This is the first in a four-part series. Published with permission of the original site http://literarylabors.com//
By Teddy Jones
Years ago an article in an electric co-op’s publication caught my interest. It told of a group of women known colloquially in Bell County, Texas, around 1868, as the Sanctified Sisters. It ended up in my “ideas” file.
Later, I drafted a novel in which the protagonist was a granddaughter of a fictional member of the Sanctified Sisters. The protagonist, in 1929, finds a journal written by her grandmother between 1880-1910. As I wrote the journal entries, I had experienced the feeling I was taking dictation. The grandmother’s diction and the content came to me as clearly as if she were speaking. Only after having drafted the entire novel did it occur to me I might have written an inauthentic voice.
In the years between my initial awareness of the Sisters and development of the novel, I read several books, including three academic studies in which the group was mentioned or was the prime focus. I later recalled that the researcher had cited an archive. That’s when my first experience with archives as a source for authentic historical character voice began.
Approaches to creating authentic diction for fictional historical characters might be thought of as points along a continuum. At one extreme is the “spice the dialogue with occasional words or phrases from the time” approach, the writer’s making little effort to capitalize on diction as an aspect of character development. Near the continuum’s center—more work, more benefit to the fiction—is reading, listening, or viewing performances about the period, found in historical research and/or in fiction or other art. The other extreme—requiring more work with potentially greater benefit—is reading, viewing and/or listening to the diction from the time, from primary sources.
Continuum of Actions Seeking Authentic Character Voices for Historical Fiction
Search for word or phrases; use like seasoning Read/listen/view about the period Read/listen/view from the period
Potential benefit for character voice
As effort increases along the continuum, likely location of and type of the writer’s source material changes. For example, the research needed to expend the least effort can be accomplished using Internet search engines. The writer accesses sources compiled by others about the historical period, mainly seeking words and phrases commonly used in the character’s time and location.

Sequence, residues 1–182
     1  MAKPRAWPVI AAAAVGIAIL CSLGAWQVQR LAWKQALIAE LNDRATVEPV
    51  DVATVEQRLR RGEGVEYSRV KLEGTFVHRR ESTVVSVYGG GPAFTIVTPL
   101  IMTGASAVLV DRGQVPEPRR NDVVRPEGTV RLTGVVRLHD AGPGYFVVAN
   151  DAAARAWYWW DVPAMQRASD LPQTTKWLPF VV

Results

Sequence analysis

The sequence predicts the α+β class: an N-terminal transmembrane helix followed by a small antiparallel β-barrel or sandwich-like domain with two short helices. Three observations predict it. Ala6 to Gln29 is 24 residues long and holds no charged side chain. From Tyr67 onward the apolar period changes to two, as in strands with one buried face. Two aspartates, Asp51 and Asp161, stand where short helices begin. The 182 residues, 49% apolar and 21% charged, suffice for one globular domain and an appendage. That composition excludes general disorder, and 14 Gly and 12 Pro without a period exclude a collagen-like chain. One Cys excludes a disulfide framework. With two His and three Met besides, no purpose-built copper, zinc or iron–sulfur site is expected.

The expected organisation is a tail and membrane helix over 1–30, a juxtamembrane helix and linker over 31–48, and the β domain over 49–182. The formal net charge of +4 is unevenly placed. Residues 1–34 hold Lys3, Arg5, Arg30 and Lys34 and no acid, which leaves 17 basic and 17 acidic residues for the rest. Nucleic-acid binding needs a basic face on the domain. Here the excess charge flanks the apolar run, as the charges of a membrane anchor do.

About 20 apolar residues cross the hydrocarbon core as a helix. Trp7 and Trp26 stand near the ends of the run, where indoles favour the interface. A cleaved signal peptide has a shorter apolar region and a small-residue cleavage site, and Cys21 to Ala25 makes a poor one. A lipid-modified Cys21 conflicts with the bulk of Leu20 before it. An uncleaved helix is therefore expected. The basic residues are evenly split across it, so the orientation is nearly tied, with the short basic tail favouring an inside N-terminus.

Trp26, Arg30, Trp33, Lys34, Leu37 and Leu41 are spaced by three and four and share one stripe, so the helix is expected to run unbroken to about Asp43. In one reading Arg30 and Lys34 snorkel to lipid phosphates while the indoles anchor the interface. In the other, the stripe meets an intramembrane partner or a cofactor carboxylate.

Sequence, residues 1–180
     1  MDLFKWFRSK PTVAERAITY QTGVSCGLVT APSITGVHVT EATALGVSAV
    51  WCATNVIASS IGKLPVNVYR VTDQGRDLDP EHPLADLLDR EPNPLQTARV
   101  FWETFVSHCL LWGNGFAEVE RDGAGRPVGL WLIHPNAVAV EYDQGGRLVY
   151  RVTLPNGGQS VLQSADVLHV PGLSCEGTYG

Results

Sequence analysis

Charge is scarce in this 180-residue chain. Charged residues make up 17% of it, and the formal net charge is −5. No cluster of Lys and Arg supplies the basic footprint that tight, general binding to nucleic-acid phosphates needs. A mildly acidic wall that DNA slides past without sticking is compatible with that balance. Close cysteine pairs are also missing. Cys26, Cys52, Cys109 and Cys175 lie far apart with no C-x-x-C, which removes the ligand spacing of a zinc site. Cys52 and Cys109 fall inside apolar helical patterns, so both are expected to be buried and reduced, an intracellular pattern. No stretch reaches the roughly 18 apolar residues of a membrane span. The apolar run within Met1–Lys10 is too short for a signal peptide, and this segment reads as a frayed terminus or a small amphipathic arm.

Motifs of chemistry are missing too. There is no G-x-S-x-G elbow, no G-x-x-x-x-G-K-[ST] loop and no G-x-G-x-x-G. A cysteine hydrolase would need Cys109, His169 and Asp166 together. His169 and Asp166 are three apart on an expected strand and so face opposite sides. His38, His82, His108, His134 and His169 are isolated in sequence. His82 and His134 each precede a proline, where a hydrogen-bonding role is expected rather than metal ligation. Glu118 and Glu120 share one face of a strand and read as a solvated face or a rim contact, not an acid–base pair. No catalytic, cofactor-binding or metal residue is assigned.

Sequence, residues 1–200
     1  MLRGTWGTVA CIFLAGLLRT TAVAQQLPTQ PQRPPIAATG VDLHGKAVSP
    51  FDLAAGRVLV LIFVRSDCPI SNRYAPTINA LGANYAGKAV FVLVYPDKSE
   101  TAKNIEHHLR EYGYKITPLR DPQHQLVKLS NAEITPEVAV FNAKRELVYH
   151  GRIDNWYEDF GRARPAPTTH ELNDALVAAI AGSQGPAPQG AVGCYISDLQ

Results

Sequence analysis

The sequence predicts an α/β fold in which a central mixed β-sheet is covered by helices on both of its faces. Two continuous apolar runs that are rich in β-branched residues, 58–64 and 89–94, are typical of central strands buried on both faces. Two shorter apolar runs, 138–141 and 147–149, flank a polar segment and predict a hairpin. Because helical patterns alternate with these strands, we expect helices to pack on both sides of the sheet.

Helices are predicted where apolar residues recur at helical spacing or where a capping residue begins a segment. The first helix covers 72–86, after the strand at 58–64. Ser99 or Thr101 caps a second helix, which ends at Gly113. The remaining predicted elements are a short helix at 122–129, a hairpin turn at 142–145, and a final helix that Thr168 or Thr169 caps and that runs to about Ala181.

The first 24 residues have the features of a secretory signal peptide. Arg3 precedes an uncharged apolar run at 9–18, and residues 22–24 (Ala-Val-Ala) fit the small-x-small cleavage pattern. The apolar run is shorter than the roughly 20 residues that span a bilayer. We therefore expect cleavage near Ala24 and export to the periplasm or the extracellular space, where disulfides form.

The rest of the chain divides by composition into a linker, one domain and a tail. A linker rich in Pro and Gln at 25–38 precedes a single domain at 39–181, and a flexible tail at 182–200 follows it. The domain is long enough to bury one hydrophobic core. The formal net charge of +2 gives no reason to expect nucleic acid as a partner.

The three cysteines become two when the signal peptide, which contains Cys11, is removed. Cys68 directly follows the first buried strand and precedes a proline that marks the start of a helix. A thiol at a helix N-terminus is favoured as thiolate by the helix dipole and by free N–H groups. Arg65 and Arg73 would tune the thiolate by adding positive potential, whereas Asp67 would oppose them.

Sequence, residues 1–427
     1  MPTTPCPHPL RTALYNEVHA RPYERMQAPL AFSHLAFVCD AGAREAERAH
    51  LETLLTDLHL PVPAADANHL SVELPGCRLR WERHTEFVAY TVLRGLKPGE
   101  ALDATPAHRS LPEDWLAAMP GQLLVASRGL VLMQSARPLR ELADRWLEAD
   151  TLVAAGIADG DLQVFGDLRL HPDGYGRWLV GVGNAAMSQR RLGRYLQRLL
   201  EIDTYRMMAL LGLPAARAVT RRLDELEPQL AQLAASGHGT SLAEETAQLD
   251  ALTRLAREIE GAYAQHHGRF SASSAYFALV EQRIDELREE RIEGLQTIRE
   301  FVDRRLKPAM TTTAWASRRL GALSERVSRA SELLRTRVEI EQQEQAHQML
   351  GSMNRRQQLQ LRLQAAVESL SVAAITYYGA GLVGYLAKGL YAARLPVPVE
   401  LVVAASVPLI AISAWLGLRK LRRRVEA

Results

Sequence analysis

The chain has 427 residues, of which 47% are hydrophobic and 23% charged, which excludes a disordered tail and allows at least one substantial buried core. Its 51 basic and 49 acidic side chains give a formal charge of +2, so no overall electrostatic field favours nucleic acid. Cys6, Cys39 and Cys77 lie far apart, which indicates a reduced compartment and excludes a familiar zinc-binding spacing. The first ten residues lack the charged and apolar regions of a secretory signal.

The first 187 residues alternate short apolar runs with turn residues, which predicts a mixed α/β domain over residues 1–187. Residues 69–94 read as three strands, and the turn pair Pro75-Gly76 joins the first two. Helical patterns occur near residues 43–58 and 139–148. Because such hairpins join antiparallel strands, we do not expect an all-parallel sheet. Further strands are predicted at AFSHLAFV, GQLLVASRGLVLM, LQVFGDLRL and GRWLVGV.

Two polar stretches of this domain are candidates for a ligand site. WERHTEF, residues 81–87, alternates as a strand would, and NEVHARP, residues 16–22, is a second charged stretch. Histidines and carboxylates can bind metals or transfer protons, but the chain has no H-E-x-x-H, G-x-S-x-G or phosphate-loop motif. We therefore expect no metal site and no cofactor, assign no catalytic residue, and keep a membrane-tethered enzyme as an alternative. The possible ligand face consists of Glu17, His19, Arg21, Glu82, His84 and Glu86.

Near the center of the continuum, requiring more effort from the writer, sources typically include materials held by libraries and museums such as exhibits, movies or documentaries, music, and print resources available on site or online. The breadth of material reviewed is widened. The materials have been compiled and/or produced about the time and place the character inhabits.
The opposite end of the continuum depicts searching for not only secondary sources such as articles, books, and visual presentations produced during the period, but also primary source materials such as diaries, letters, and other personal writings; recordings of recollections by people living in the period; and other items produced during the time. The writer is likely to find those treasures in archives.
Please read the second part of this article tomorrow.
Teddy Jones lives and writes in West Texas. Her first novel, Halfwide was published in September, 2012 and her second, from MidTown Publishing, Jackson’s Pond, Texas in 2013. Well Tended, her third, also from MidTown, will be released in December, 2014. Her short fiction has been published in 94 Creations, RealSouth Magazine, and Persimmon Tree and was short-listed for finalist in the Faulkner-Wisdom competition in 2011, 2012, and 2013, and named finalist in 2014. Jackson’s Pond, Texas was a finalist for the 2014 Willa Award in contemporary fiction. She holds the MFA in Creative Writing from Spalding University. Find more on Teddy Jones at www.tjoneswrites.com.